Daniel Robinson – Follows the Path of Another Central Michigan Draftee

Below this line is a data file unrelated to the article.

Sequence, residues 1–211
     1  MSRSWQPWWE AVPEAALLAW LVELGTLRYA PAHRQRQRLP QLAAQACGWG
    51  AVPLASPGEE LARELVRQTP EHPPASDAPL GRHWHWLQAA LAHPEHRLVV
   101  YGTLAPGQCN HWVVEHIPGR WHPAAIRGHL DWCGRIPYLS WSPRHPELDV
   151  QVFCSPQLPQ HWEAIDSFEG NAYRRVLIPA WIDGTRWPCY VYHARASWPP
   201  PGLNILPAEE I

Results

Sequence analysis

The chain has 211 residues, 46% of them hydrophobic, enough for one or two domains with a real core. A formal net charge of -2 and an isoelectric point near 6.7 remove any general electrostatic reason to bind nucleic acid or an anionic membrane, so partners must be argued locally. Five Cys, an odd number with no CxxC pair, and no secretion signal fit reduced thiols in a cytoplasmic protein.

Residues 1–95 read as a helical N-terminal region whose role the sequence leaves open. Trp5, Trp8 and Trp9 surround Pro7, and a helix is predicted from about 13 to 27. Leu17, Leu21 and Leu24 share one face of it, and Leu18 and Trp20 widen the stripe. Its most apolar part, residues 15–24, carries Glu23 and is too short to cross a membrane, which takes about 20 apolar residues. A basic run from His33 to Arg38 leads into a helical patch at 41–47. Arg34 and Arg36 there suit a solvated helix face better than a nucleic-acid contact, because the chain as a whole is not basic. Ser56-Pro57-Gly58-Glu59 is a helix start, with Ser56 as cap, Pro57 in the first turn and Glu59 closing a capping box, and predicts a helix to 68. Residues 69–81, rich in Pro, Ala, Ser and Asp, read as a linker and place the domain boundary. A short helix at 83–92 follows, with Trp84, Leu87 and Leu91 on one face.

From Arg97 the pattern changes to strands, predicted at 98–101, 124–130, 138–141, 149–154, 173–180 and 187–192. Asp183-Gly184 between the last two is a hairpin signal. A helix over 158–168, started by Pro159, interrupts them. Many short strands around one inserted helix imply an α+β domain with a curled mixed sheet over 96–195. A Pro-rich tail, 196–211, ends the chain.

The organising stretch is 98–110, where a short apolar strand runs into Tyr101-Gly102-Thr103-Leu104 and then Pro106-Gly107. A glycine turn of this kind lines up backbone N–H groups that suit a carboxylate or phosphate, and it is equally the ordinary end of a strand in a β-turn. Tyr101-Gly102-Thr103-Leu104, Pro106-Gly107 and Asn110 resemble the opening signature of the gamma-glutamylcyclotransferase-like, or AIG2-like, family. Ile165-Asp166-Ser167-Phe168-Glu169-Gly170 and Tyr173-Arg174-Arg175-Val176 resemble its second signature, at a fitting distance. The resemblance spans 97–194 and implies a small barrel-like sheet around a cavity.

During the 2016 season the Great Lakes Loons of the Midwest Class A League came away with their first ever league championship. As the season progressed a Central Michigan University sophomore drafted in June joined the Loons on July 21 and remained with the team for the balance of the season. He played an integral part in attaining the championship although he had been selected in the 33rd round of the 2016 June Draft. In doing so infielder Zach McKinstry may have paved the way for another Central Michigan Chippewa to be picked by the Dodgers in the 2018 First-Year Player Draft. Right fielder Daniel Robinson was selected by the Dodgers in the 29th round of the 2018 draft out of Central Michigan University. In following him during his season with the Ogden Raptors of the rookie level Pioneer League it became clear that he played much like Zach McKinstry. That is, playing all out on every play and working to have a good at bat every time he stepped into the batter’s box. The 6’3”/215-pound Robinson was born in Detroit and attended high school at Grosse Pointe North High School in his hometown of Grosse Pointe Woods. He attained a first team all-star selection in his senior year of high school before heading off to Central Michigan University. In his junior year with the Chippewas he posted a triple slash of .300/.410/.410 along with five home runs, 43 runs batted in and 45 runs scored. He played 59 games in each of his three years at CMU. Robinson, who bats and throws left, finished his junior year on a tear hitting safely in 20 his last 22 games while hitting .430 with four home runs and 22 RBI. He was not sure if he might be selected in the 2018 draft or whether he would have to return for his senior year at Central Michigan. When his name was not called in the first 25 rounds he pretty much gave up hope of being selected. However, during the 29th round he got the call that he had been picked by the Dodgers. Delighted to be chosen in the draft and to have the opportunity to play professional baseball and be given a shot at MLB, Robinson still had to sleep on it. He had to consider his other choice of returning to CMU for his senior year. By morning’s light he had made his decision to pursue a  career in professional baseball. The Dodgers seemed to be a good fit, and although Robinson did not consider the Dodgers to be his favorite team,  one of his absolute favorite MLB players while attending university was the recently traded Yasiel Puig.